A Big Listing May Not Mean Big Bucks

Q: I own a painting by a California artist, looked up his name in a dictionary of California artists, and found quite a bit of biographical information. I then took the painting to an art dealer and he told me it was worth only several hundred dollars. I thought it would be worth a lot more than that based on the size of the listing. Why isn't it?

A: Don't confuse the size of an artist's listing in a dictionary or encyclopedia with the monetary value of his art. Long listings do not automatically mean big bucks; short ones don't always mean pocket change. Fair market values are based far more on supply and demand among dealers, collectors, and the state of the art market than they are on the amount of information that you find in biographical references.

The more that's written about an artist, the more his art is generally worth, but the two factors are ultimately independent and there are plenty of exceptions to this rule. In the scholarly art community, the length of an artist's listing or mention in a book is often based on the availability of career data. For example, if a researcher gets an extensive interview from the descendants of a minor artist, he can write a large listing. Even though that artist's work is worth little in the marketplace, his accomplishments are now documented in detail.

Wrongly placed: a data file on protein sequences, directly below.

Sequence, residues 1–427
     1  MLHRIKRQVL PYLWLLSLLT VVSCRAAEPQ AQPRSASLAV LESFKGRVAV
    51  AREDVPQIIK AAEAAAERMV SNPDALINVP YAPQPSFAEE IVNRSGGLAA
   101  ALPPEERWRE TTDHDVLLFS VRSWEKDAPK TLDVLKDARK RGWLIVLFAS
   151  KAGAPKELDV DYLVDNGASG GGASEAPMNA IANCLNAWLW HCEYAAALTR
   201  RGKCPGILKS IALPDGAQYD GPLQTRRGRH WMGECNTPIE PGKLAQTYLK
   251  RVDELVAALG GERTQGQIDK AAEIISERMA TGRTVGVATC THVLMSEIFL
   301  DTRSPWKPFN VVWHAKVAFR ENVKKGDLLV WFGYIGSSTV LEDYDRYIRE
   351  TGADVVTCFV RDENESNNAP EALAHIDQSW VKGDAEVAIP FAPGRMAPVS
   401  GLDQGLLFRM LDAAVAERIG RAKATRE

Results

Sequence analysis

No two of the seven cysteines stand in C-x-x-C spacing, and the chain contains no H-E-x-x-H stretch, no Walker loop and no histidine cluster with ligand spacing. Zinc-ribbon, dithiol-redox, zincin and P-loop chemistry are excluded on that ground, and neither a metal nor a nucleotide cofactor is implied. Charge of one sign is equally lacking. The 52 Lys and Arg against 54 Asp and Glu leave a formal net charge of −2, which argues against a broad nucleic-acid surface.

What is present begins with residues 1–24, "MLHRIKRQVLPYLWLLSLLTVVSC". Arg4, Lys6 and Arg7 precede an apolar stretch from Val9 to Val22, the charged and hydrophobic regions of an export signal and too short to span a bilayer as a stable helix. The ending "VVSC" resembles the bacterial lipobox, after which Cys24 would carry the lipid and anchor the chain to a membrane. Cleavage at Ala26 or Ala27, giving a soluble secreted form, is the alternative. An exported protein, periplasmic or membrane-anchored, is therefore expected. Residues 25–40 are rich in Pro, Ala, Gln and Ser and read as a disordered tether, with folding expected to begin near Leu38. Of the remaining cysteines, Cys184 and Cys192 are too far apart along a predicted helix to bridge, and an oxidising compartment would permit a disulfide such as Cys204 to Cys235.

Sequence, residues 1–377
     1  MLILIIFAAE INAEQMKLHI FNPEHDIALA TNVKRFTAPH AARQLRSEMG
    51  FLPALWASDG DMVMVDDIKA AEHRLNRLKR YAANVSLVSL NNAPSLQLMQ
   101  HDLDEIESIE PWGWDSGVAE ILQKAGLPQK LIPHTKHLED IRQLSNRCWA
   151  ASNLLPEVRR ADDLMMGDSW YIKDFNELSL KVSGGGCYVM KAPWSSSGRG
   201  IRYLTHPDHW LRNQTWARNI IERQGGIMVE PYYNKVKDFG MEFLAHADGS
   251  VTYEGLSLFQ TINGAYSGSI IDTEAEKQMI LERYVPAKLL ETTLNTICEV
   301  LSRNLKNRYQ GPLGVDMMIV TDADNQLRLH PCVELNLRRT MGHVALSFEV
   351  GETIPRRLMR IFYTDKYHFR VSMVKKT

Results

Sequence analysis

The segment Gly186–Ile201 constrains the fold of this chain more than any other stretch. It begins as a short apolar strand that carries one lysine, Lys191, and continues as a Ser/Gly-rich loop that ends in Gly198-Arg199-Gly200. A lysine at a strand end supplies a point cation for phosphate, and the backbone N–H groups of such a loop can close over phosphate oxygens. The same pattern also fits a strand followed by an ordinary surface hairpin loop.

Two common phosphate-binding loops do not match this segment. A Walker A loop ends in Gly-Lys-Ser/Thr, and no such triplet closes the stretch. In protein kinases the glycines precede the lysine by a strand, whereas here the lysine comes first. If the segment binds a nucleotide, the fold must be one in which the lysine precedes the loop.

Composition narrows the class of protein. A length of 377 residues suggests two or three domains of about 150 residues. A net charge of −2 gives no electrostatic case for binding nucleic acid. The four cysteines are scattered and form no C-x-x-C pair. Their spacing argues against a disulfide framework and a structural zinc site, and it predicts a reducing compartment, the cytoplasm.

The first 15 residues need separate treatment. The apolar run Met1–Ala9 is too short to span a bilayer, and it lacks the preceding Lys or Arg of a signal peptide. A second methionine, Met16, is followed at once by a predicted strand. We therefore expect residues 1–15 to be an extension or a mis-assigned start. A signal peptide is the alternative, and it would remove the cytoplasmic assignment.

Another instance where lots of published material may have little relationship to dollar value is when galleries produce books or exhibition catalogues about artists that they represent. These aren't necessarily published because the artists are famous or their art is significant, but rather because they make great sales tools. Once again, the available data about the artists may be impressive, but their art may have little value outside of the galleries that represent it. Galleries self-publish art books and catalogues all the time in order to increase the attractiveness of their art to collectors.

Regarding your situation, the California artist dictionary that you used to research your artist was written by a scholar, not an art dealer. He didn't care about market values or take them into consideration when researching and compiling his book. His job was to track down biographical information, and document artists, art movements, and art history in the state of California.

Use auction record compendiums, art dealers, art appraisers, price guides, and online databases when researching the dollar values of art. Use scholarly reference works for obtaining biographical data and learning what artists accomplished during their careers. Using one to evaluate the other is like comparing apples and oranges.

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Articles © Alan Bamberger 2000. All rights reserved.